Earlier this week, I had the pleasure of hearing President Barack Obama as he visited our wonderful city of Montreal, Canada. It was his role as the former President of the United States of America that enticed me to attend, but in listening to him speak I realized we had a lot in common.
President Obama and I both share the view that capitalism is the right mechanism to help deal with some of the major environmental and social issues of our time – issues like climate change, water scarcity, mass migrations, to name a few. He, too, highlighted that the pendulum of capitalism’s focus may have swung a bit too far and that we, as investors, need to look beyond simply returns.
Obama pointed out that the world is currently in a major transition, something that has not been seen since the economic shift from agriculture to industry in the 1930s. Accelerating changes in technology are moving us towards artificial intelligence, with robots destroying many of our livelihoods. Climate change will also be a major disruptor for businesses and people – we’re already beginning to see it.
These disruptions have traditionally affected mainly blue-collar jobs, but they are increasingly threatening white-collar jobs as well – with major repercussions for the middle class – widening the gap between rich and poor… and leading to the groundswell of populism that we have all witnessed, in the hope that politicians will “save the day”.
Obama talked about the US Administration’s decision to step away from the Paris climate accord – and how, in his mind, US businesses already understand the value of embracing environmental issues, because it’s simply just good for business. He mentioned not envisioning a world where Walmart would backtrack on its efforts to move to 100% renewable energy. Why? Because by embracing these technologies and pushing the same through its supply chains, Walmart is actually saving money.
I share the same view. Investors are increasingly analyzing environmental, social, and governance issues because they, too, believe companies that are addressing issues like climate change or water scarcity, or the multitude of other issues that are material to their operations, are doing so because it’s just good business. There are costs to be saved and there is value to be created by managing these issues and acting accordingly.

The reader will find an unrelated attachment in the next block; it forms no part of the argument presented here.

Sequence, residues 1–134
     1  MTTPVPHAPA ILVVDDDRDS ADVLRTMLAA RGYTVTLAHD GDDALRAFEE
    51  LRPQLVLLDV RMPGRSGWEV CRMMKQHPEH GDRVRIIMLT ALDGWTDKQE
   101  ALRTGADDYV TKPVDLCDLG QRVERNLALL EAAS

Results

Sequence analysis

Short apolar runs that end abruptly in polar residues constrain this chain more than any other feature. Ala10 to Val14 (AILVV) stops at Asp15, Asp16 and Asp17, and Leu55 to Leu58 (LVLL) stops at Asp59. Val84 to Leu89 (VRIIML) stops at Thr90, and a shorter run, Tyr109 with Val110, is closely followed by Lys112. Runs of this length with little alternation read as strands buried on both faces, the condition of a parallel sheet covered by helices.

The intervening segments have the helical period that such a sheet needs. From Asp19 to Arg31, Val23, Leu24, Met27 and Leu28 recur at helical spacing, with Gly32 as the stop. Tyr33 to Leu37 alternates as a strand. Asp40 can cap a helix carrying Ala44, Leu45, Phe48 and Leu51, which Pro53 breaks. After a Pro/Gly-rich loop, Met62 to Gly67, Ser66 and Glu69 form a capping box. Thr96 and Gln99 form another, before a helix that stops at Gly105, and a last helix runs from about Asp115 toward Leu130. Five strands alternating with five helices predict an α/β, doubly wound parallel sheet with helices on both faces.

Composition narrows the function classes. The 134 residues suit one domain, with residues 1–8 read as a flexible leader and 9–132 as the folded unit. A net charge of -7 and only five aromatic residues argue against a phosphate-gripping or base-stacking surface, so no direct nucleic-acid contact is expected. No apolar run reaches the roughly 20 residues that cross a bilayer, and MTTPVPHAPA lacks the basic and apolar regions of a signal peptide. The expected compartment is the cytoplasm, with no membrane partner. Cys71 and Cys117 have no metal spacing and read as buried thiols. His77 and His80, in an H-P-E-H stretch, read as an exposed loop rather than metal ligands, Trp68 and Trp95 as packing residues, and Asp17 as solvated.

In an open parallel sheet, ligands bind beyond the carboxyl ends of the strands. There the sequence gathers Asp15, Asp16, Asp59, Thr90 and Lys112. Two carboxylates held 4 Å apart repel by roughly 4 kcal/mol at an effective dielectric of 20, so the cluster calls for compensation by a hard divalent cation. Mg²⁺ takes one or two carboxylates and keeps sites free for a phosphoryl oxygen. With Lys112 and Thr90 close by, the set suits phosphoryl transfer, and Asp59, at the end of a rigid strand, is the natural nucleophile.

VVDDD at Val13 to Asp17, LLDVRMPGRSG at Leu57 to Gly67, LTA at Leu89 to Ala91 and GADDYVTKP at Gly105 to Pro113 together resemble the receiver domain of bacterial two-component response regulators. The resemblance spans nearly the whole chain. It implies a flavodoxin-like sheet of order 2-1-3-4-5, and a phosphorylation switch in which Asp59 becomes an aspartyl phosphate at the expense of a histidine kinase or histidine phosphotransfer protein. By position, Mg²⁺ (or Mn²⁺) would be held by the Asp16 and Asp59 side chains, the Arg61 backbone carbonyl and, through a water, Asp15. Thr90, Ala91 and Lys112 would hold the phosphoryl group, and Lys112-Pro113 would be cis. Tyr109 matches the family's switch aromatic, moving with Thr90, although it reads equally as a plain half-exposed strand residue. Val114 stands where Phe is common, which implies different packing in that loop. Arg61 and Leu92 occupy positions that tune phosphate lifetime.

I actually wonder if Trump might have done the world a big favour! As important as the Paris Agreement is, it’s viewed by many as a government-led agenda. In the last week, we’ve seen business after business in the US reiterate their commitment to reducing their carbon emissions. We’ve seen the State of California sign an agreement with China to accelerate the deployment of clean technologies, clearly indicating that it’s ready to move forward with or without the federal government’s support. And we’ve seen the State of Hawaii sign two bills declaring its commitment to the Paris Agreement. This tells me that businesses and local governments see the treat to their bottom line and they’re not going to let the federal government prevent them from staying competitive. From my vantage point, if there’s one place in the world that exemplifies the power and influence of business, it’s the United States of America.
I firmly believe that smart US business leaders already know that a major disruption is afoot. Now I’m a country girl, and here’s something else Obama and I would agree on: when it comes to businesses dealing with issues related to climate change, there is no turning back – this horse has left the stable.